Curvilinear Geometry-Pollination vs HB Room from Solid


I’m having issues bringing in curvilinear geometry as a Room using the Add Rooms> Select Geometry option of the Pollination plugin for Rhino.

I’m able to select and bring it in as a room using HBRoomSolid component in Grasshopper. (Image below)

Is this a bug in the Pollination plugin?
Could you please have a look at the geometry and help me figure out how we can create a room for these types of geometry using the Pollination plugin? ([Hightail link to the files

Thank you,

Hi @kpai, this is the expected behavior. See here for how to use the Convert command to prepare your geometry.

We decided to remove the automated conversation from non-planar to planar geometry to minimize the possible issues, and give more control to the user to prepare the model.

@chriswmackey, I was expecting this case to also fail with the LBT plugin. Did we change our strategy there? If that’s the case, we should probably align the development of the Pollination Rhino plugin with the Ladybug Tools plugins.

Hi Mostapha,

Thanks for the explanation!

The geometry was already planarized. I thought the Add Room by selecting geometry function should be able to work since I planarized it. It would be great and faster if the option allowed for this.

Thank you,

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Thanks, @kpai and @mostapha .

No, the LBT-Grasshopper plugin has always accepted non-planar Breps for Honeybee geometry and it converts them into planar geometries using this module that is purely devoted to planarizing geometry in a manner that makes the most sense for BEM platforms. There is even a HB Planarize Brep component that is devoted just to brep planarization if you want more control over the meshing parameters used in the process.

I agree with you, @mostapha , that native Rhino capabilities do most of the hard work for us by either creating polylines from curves or creating closed planar meshes from closed breps. But the raw output planar mesh is almost never what you want to go off to the BEM engine. At a minimum, you usually want to merge back the coplanar triangles and quads into contiguous faces so that you aren’t sending a bunch of triangles off to an interface like the OpenStudio Application or IES-VE. This merging back of coplanar quads/triangles is what the ladybug_rhino.planarize module does.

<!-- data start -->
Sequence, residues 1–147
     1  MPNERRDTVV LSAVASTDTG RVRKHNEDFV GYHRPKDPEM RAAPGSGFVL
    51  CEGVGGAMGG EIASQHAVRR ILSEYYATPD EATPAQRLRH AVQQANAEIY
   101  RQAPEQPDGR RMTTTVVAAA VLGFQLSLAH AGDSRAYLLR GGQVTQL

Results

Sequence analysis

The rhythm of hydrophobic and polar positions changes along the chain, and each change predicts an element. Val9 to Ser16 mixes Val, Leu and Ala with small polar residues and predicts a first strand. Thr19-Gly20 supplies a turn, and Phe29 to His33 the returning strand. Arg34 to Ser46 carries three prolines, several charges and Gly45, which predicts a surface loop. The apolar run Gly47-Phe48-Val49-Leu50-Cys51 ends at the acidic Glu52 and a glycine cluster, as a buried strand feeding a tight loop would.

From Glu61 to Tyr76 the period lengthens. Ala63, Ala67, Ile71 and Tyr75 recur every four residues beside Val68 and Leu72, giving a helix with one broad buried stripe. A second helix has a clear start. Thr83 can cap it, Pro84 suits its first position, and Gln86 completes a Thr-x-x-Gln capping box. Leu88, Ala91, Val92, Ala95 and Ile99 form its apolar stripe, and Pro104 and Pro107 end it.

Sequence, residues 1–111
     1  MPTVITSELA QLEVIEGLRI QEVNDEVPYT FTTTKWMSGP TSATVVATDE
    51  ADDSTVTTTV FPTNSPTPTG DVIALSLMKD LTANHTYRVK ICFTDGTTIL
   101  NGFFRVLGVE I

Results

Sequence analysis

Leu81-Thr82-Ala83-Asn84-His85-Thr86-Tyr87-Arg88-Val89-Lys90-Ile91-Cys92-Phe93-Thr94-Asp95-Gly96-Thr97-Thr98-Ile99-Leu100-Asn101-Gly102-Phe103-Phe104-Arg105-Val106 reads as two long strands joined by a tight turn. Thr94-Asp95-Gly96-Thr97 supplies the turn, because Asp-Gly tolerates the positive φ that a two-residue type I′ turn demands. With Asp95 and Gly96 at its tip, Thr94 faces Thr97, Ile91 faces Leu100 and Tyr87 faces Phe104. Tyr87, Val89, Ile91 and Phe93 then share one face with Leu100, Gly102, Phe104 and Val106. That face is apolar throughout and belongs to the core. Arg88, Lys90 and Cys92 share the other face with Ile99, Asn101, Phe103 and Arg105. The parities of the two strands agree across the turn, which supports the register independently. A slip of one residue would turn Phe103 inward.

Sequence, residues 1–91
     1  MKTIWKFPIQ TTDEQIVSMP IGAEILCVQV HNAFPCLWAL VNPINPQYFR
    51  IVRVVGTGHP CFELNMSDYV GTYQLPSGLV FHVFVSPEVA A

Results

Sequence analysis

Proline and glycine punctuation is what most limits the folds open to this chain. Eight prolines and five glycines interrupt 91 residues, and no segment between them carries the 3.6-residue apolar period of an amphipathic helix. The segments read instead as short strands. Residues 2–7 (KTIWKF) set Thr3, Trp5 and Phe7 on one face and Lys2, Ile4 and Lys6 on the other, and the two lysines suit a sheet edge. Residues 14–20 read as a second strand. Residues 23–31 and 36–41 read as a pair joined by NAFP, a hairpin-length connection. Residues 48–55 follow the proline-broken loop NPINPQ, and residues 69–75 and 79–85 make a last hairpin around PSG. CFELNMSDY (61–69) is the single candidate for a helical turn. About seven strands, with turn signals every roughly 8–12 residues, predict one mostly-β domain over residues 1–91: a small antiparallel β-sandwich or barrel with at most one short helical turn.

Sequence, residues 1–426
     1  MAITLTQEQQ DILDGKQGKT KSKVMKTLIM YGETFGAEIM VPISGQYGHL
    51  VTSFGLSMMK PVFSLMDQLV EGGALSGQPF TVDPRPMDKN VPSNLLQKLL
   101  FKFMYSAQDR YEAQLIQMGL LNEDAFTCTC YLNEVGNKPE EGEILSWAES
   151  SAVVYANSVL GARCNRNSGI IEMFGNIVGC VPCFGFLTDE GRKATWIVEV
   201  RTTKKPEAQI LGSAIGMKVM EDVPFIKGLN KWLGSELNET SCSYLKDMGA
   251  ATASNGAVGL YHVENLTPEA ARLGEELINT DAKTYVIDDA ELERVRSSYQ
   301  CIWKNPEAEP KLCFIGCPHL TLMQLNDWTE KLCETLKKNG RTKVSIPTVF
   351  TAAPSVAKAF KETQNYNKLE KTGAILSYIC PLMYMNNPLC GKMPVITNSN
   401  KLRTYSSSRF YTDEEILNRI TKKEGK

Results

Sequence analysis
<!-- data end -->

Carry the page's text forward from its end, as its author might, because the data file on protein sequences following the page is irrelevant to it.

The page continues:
If this decision was made at some point, I can respect the decision and maybe I’m just forgetting whether I had input into it. But it is not the decision that I would make at this point in time:

As I said, Rhino’s native commands are powerful and take care of the hard part but, if it were up to me, we would still add a PO_PlanarizeBrep command that works like the Grasshopper component. I would also meet the expectations of @kpai here by planarizing the Room geometry as it was converted to a Pollination Room. Both of these Rhino commands could use the same ladybug_rhino.planarize module as the LBT-Grasshopper plugin, which we know is reliable because it gets used a lot in LBT-Grasshopper world.